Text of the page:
The Zipper (Why You Should Hire a Lawyer)

  • February 24, 2016

This morning as I was getting ready for work, I found myself contorted into a pretzel trying to zip up a maddening zipper on the back of my dress. Why on earth would anyone put a zipper on the back of a dress? Pure conjecture, but I was guessing

Are you tired of struggling?

Are you tired of struggling?

that this asinine design is left over from the days when women had ladies in waiting, always at the ready to help them button or tie up a piece of clothing.

(Sure enough – a quick search on the internet confirmed my suspicion: “In earlier centuries, buttons found on the back of a dress as opposed to the front were originally intended to give the appearance of wealth in a woman, as wearing such a garment implied the woman could afford servants to help her dress.”)

This got me to thinking about what I am sure is every clients’ frustration with going to a lawyer.  Why should it be necessary to hire a really expensive lawyer to handle something that they should be able to zip up themselves?

Well, much like the zipper on my dress, the legal system has evolved out of complex structures, relationships and systems. Just because our lawyers don’t wear those silly wigswhite wigs anymore doesn’t mean that the legacy of hundreds of years of operating within a complex legal systems has made it any more user friendly. Lawyers are educated and trained to navigate that complex system. Much the same way that doctors are educated and trained to navigate the complex systems of the human body.

There are some things that I encourage my clients to handle on their own (and spend the money they would spend on me buying a dress that zips up the side). These are things like trying to work out a dispute before it escalates, or discussing and outlining the terms of the deal they would like to see come to fruition. And then there are some things that I advise that my clients do ask for help on.

As an attorney I think it is important, and my duty, to be honest with my clients about what I think they can handle on their own and where I think they may need assistance navigating a complex legal structure. I love having that conversation with my clients. It gives me an opportunity to hear what their goals are and how they want to get there. Feeling empowered to make things happen in your business and personal life is energizing, but if someone is struggling with the darn back zipper, I gladly offer a helping hand.

 

New Nevada Business Fees and Taxes – Effective July 1, 2015

  • June 17, 2015

Nevada Business Fees & Taxes

With the passage of SB 483 several new business fees and taxes will go into effect July 1, 2015. Below is a summary of the key provisions that may impact your Nevada business:

 Business License and Filing Fees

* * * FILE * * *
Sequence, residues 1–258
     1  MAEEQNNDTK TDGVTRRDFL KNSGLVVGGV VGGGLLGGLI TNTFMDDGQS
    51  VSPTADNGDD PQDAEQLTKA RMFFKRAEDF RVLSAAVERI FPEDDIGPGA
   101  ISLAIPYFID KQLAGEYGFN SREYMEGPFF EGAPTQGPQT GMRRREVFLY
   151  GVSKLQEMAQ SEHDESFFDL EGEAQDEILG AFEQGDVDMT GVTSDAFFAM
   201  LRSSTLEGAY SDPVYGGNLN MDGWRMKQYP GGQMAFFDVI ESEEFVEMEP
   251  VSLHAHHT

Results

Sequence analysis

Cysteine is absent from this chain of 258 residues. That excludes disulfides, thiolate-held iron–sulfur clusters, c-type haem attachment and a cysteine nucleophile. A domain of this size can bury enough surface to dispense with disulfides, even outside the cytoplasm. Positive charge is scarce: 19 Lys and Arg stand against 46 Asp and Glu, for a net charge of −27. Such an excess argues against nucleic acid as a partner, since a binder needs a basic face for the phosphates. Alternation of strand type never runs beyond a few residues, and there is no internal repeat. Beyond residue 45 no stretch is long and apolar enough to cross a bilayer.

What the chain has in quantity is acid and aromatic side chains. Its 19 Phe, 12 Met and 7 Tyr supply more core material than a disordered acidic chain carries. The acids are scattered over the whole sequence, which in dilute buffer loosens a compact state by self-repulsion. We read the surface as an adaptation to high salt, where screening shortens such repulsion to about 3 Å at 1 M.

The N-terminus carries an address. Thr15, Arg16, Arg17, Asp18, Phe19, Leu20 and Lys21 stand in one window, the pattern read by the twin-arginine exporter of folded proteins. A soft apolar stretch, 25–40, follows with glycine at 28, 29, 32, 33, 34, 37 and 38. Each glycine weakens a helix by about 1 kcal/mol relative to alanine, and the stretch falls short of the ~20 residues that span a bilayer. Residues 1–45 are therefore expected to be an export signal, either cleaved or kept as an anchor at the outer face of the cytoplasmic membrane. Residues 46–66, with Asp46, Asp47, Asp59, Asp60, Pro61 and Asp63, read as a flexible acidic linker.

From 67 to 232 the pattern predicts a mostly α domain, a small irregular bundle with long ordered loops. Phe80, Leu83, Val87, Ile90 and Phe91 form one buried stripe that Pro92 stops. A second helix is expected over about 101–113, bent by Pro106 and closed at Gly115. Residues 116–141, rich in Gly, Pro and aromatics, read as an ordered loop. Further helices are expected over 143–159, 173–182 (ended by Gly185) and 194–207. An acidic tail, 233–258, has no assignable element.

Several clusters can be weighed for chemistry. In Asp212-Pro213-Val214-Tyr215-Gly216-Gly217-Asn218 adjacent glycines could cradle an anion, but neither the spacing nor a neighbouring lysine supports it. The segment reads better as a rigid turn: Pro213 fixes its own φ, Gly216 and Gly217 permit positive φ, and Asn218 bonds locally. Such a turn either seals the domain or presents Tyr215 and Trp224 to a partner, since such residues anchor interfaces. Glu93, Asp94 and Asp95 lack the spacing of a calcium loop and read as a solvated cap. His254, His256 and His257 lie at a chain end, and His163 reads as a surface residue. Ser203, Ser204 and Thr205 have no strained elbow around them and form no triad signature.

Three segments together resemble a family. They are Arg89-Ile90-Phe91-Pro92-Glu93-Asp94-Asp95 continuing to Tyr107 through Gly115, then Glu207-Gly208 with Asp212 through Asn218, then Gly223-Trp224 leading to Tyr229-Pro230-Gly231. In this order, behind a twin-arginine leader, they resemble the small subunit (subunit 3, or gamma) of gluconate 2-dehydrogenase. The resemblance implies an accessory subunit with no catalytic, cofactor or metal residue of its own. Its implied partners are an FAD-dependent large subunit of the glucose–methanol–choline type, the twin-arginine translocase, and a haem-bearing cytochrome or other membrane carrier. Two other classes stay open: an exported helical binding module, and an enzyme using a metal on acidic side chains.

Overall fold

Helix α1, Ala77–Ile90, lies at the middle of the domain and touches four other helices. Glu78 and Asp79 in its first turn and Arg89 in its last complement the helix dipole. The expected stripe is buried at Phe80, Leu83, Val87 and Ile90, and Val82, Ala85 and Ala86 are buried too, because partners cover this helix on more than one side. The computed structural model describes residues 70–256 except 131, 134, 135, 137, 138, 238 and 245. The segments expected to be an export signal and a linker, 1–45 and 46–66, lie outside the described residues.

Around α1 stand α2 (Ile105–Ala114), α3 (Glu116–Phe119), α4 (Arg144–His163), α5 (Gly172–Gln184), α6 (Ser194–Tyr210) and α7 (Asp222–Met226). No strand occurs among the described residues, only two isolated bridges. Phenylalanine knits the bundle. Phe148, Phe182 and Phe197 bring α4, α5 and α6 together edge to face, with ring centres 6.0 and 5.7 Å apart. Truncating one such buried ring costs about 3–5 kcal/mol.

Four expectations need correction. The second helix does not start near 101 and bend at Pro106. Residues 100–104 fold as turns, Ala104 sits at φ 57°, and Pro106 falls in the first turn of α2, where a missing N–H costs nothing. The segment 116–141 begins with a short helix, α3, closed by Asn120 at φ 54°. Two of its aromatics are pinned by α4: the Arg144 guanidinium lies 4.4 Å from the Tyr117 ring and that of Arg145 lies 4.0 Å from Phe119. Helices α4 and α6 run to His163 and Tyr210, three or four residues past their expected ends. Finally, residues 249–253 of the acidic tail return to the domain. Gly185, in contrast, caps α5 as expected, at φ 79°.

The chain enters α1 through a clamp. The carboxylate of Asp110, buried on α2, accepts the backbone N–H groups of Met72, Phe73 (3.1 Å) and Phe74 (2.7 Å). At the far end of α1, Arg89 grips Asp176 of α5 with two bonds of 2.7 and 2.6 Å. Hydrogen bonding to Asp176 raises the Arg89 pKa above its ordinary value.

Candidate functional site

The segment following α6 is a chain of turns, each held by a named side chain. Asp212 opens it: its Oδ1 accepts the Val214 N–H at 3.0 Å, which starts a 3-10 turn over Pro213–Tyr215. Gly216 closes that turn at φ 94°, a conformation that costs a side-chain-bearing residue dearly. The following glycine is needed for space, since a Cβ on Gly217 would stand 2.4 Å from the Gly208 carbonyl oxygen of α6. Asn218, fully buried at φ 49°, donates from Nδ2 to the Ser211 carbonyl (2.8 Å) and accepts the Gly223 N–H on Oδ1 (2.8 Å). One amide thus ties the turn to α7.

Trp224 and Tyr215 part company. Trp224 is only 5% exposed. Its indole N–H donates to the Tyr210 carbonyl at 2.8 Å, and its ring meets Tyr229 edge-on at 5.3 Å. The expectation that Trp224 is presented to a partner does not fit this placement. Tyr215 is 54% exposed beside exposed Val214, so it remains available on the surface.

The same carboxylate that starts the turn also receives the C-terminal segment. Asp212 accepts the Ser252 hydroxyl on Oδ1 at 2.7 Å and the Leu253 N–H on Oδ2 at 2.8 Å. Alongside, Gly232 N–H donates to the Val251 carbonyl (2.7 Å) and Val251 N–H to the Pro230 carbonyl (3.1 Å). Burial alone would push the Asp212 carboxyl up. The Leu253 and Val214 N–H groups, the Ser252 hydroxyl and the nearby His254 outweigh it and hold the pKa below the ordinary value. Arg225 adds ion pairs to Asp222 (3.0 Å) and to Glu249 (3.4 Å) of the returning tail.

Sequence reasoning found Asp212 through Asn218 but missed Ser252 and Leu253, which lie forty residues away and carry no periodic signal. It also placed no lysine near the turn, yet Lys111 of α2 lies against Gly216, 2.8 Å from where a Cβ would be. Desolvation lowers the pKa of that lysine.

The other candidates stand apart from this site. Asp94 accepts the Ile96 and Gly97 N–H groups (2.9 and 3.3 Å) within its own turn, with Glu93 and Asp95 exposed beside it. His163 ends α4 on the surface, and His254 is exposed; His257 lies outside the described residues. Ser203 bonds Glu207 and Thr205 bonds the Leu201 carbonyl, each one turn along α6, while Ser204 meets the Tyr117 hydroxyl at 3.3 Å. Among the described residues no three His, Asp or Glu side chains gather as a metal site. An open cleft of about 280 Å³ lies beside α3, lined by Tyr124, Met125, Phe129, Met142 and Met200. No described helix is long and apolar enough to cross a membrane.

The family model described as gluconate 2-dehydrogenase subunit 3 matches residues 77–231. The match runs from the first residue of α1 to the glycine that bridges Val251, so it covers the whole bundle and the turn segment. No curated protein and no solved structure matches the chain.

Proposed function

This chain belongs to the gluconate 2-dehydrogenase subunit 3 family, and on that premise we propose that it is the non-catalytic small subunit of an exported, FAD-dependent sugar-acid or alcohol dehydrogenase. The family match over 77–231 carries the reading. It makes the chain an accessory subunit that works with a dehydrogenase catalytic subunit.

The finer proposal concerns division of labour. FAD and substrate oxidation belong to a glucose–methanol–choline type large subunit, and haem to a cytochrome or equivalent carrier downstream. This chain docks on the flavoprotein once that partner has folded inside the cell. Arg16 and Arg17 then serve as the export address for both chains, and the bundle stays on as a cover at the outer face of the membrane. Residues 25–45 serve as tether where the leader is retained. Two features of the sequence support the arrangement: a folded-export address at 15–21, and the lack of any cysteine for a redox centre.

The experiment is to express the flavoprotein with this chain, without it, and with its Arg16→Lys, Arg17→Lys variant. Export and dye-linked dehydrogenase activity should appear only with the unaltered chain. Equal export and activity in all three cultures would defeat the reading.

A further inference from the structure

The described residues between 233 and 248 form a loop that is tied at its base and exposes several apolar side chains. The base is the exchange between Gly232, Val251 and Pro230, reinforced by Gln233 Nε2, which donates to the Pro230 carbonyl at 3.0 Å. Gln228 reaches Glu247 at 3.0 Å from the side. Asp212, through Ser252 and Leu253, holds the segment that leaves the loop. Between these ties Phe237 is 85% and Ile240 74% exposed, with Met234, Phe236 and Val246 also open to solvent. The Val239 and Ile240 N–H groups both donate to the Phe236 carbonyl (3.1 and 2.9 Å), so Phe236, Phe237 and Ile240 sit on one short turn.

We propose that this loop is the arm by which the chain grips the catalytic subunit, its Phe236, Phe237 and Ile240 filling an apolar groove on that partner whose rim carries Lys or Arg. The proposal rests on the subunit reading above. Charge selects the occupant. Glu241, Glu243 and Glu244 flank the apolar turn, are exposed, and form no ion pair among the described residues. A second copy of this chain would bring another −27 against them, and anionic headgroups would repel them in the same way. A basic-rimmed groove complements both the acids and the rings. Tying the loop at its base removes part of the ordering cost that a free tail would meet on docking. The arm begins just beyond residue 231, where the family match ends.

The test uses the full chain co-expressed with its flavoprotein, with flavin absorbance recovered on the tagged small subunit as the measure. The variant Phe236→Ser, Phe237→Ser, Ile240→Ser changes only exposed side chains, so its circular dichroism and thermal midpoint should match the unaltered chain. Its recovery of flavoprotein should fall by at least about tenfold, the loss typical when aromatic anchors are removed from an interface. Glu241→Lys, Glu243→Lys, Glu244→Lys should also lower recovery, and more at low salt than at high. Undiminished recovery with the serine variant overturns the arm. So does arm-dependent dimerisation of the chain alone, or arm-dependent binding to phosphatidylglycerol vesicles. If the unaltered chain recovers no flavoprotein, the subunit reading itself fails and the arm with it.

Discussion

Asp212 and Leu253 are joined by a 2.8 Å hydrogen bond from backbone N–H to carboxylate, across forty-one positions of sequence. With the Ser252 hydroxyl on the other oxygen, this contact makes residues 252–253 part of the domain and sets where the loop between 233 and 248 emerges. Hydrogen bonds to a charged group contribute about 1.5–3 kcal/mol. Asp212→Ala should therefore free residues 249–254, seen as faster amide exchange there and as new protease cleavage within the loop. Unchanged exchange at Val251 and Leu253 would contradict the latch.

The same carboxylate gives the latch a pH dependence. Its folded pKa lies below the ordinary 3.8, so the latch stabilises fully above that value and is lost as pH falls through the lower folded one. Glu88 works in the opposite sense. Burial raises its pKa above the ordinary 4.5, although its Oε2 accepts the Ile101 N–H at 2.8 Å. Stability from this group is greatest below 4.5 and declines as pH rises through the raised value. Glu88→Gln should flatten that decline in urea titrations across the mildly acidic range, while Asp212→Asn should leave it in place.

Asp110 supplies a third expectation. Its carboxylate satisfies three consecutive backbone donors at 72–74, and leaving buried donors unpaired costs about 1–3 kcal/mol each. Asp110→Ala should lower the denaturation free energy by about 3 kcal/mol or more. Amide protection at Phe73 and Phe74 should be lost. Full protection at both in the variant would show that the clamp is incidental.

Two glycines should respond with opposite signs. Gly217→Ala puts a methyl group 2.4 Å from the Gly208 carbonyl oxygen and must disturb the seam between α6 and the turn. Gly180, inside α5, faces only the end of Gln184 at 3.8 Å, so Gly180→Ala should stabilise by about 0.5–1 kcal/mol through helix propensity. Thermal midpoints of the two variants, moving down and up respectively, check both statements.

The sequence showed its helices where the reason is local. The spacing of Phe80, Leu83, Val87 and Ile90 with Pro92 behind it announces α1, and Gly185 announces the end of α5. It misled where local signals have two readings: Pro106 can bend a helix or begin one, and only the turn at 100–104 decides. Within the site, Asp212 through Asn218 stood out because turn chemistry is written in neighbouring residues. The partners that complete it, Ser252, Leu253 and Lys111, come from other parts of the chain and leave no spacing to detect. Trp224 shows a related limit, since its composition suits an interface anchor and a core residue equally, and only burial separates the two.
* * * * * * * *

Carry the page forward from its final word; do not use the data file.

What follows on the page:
• Annual list and initial list fees will increase by $25 for all entity types
  • State Business License Fees will increase from $200 to $500 for Corporations formed under NRS Chapters 78, 78A, 78B, 80 and 89.
  • Any annual or initial list or Business License application for August or earlier, received prior to July 1, 2015 will be assessed the pre-July fees.
  • Fees for reinstatements and revivals received after July 1, 2015 will be calculated based on the new fees, even if for prior years.

Payroll Taxes

The Modified Business Tax (MBT) is currently imposed on businesses other than financial institutions in the amount of 1.17 percent of wages paid above an exemption level of $85,000 per quarter. The MBT will increase from 1.17 percent to 1.475 percent for most businesses. Mining companies will join financial institutions in paying the higher 2 percent tax rate. The MBT base is broadened by reducing the exemption to $50,000 per quarter.

Commerce Tax

The new Commerce Tax is a modified gross receipts tax levied on businesses’ Nevada gross revenue in excess of $4 million per year, less certain subtractions including distributions from pass-through entities, stock proceeds, bad debts expensed on federal taxes, and net income from a passive entity to the extent that income was generated by another business entity. The new Commerce Tax divides Nevada’s economy into 26 business categories, each consisting of one or more industry classifications as delineated under the North American Industry Classification System (NAICS). Each business category is assigned its own gross receipts tax rate with rates ranging from 0.051 percent to 0.331 percent. Businesses which do not fit into any other category are taxed at the 0.128 percent rate for Unclassified businesses.

Business Category Tax Rate Business Category Tax Rate
Rail Transportation 0.33% Management of Companies 0.14%
Educational Services 0.28% Utilities/Telecommunications 0.14%
Waste Management Services 0.26% Other Transportation 0.13%
Publishing, Software, Data Processing 0.25% Warehousing and Storage 0.13%
Real Estate 0.25% Unclassified 0.13%
Arts, Entertainment, and Recreation 0.24% Retail Trade 0.11%
Truck Transportation 0.20% Financial Activities 0.11%
Accommodation 0.20% Wholesale Trade 0.10%
Food Services (includes restaurants) 0.19% Manufacturing 0.09%
Health Services 0.19% Construction 0.08%
Professional Services 0.18% Agriculture 0.06%
Administrative and Support Services 0.15% Air Transportation 0.06%
Other Services 0.14% Mining 0.05%

Sales Tax